Good morning

Beating the summer time blues

Good morning Angels!” chirped Lance on joining the call. “You sound very lively today,” Edith observed of Lance.

It’s August, pouring with rain and peak holiday time. You’re in a longer than normal airport queue. Heading abroad to a central or southern Europe heatwave, or have arrived and find yourself on full forest fire alert. Maybe it’s time to pack your wellies and waterproofs ready to huddle together at a UK resort. More like “Good morning campers!” perhaps.

For Lance, Edith and their telephone group friends a staycation is the routine. Holidays are things that happen for others now. And summertime, just as much as Christmas holidays, can amplify feelings of loneliness, summertime blues. . . unless of course you meet up regularly with friends in your telephone group.

Having the privilege to be a guest facilitator for this group I found myself on an entertaining journey as members exchanged life experiences. We went from Guyana to Gamages, London Eye to the Lyons Tea House and had croissants watching the women’s Tour de France (“I didn’t know they had a ladies’ tour until it went past my window.”). The hour whizzed by, just like the cyclists.

Our holiday was virtual. All in the mind. Happy times conjured up by telephone group participants’ conversations sparking off so many connected memories. A sense of belonging created. The worth of peer supporting telephone communities, for me, richly affirmed.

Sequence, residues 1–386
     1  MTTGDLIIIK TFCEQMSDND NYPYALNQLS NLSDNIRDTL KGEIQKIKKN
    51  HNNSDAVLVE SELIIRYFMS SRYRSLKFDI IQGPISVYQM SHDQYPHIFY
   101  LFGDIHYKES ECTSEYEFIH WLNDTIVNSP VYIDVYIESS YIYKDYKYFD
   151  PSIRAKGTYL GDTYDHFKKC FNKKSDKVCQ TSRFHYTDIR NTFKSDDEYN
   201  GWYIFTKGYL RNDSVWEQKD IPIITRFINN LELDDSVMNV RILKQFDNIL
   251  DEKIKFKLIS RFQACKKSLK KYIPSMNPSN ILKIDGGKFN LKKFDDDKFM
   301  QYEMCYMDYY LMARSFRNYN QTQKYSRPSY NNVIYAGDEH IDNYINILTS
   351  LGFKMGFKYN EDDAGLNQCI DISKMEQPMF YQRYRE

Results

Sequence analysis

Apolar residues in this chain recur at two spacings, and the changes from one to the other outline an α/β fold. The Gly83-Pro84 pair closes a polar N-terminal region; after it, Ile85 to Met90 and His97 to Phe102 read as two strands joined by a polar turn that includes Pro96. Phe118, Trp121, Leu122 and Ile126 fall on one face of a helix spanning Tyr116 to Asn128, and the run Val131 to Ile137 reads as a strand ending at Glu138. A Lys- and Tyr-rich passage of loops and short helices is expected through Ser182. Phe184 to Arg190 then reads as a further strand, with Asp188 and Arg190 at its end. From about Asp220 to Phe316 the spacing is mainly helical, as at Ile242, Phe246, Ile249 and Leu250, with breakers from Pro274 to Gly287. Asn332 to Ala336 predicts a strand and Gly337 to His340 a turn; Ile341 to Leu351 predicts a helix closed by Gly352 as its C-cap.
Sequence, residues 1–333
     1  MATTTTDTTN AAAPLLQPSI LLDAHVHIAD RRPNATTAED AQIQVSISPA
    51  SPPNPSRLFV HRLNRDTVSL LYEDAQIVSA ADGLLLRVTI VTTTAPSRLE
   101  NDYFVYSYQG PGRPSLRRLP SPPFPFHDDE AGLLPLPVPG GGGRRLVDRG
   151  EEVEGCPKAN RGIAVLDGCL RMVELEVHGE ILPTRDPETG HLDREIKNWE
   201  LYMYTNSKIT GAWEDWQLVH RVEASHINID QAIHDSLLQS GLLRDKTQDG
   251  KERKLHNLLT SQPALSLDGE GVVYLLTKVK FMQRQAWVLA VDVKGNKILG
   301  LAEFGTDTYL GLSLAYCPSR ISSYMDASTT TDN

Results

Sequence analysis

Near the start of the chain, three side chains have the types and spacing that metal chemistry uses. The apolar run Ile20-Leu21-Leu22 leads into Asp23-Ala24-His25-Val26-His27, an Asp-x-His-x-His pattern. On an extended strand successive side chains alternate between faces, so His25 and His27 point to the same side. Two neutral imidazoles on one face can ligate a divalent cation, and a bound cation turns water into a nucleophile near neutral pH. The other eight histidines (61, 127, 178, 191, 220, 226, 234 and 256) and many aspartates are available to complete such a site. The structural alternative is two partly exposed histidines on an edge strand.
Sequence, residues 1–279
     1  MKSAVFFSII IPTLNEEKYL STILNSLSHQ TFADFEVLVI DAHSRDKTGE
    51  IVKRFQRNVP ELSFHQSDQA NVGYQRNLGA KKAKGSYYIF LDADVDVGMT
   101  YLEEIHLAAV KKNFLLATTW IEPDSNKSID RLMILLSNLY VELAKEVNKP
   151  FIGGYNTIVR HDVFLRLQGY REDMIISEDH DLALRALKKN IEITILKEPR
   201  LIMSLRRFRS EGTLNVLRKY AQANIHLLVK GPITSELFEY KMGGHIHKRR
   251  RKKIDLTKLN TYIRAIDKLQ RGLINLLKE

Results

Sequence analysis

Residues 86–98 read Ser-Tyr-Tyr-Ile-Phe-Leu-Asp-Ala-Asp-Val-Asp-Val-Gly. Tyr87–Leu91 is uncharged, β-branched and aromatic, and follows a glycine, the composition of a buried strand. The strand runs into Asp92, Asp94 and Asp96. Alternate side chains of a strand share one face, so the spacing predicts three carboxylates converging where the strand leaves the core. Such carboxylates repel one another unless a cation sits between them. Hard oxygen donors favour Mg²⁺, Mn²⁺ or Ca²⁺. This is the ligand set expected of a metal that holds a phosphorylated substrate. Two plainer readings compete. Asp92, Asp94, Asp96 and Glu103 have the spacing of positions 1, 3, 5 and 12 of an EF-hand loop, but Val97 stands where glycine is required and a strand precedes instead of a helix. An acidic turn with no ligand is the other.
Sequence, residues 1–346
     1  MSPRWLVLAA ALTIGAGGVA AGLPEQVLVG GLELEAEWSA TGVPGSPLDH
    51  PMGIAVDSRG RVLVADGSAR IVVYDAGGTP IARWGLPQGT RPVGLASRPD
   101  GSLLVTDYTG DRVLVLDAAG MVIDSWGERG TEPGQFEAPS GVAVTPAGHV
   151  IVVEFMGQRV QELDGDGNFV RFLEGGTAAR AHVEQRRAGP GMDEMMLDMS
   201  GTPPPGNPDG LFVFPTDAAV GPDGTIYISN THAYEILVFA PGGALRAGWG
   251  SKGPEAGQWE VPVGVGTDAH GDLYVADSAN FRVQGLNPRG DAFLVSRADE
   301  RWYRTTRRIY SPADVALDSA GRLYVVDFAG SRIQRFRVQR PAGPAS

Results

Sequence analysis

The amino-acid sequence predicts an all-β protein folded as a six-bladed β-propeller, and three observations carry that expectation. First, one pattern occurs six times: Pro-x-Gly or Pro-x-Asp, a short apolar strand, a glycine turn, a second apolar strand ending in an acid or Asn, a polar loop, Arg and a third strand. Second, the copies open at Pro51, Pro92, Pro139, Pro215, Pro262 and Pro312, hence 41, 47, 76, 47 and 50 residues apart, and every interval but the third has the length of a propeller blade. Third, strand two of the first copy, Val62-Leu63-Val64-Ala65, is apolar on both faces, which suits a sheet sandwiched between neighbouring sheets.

In the happy knowledge that Lance, Edith and the others will have their volunteer facilitator, Shani, back with them again later this month, I’m off now to pack my tent. I’ll be pitching this, weather permitting, whilst on holiday in the Wye Valley,. The campsite’s river is rising and I’ve been told there’s limited telephone reception. But don’t worry, I’ll be encouraging fellow campers to store memories to share with friends in future years . . . to share in telephone groups of course.

Staying connected over Easter

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Many people are looking forward to Easter, a long weekend and a chance to relax with friends and families. For others the idea of four days away from work and contact with colleagues can be daunting. If that sounds familiar we’ve put together a few things you might find helpful.

1. If you’ve not got anything planned ask around friends and family to see if they are free. We assume everyone is busy over Easter but more often than not people opt to stay at home or in the local area. They might be waiting for you to call.

2. If friends and family do turn out to be busy then find something you really fancy doing and treat yourself to a special day. This could be a trip to the cinema, a walk in the park, watching a football match or taking the time to sit down and read the book you’ve been looking forward to. Give yourself something to look forward to.

3. If you log on to social media sites such as Facebook or Instagram remember that people tend to post their pictures of their happy parts of the weekend. They don’t take photos of the boring bits we all have, and lots of people will be having ordinary days at home.

4. If you need to chat to someone over the bank holiday weekend there are people from all over the UK on the Loneliness Forum who are supportive, interesting and interested – pop by and say hello!